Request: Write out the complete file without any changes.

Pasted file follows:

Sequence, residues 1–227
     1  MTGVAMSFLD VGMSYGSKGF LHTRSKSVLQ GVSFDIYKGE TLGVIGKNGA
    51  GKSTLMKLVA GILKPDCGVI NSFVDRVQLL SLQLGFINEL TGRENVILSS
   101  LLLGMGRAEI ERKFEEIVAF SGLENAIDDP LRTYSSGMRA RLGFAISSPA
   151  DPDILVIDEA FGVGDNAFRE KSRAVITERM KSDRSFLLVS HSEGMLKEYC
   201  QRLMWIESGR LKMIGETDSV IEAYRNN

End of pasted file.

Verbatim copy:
Sequence, residues 1–227
     1  MTGVAMSFLD VGMSYGSKGF LHTRSKSVLQ GVSFDIYKGE TLGVIGKNGA
    51  GKSTLMKLVA GILKPDCGVI NSFVDRVQLL SLQLGFINEL TGRENVILSS
   101  LLLGMGRAEI ERKFEEIVAF SGLENAIDDP LRTYSSGMRA RLGFAISSPA
   151  DPDILVIDEA FGVGDNAFRE KSRAVITERM KSDRSFLLVS HSEGMLKEYC
   201  QRLMWIESGR LKMIGETDSV IEAYRNN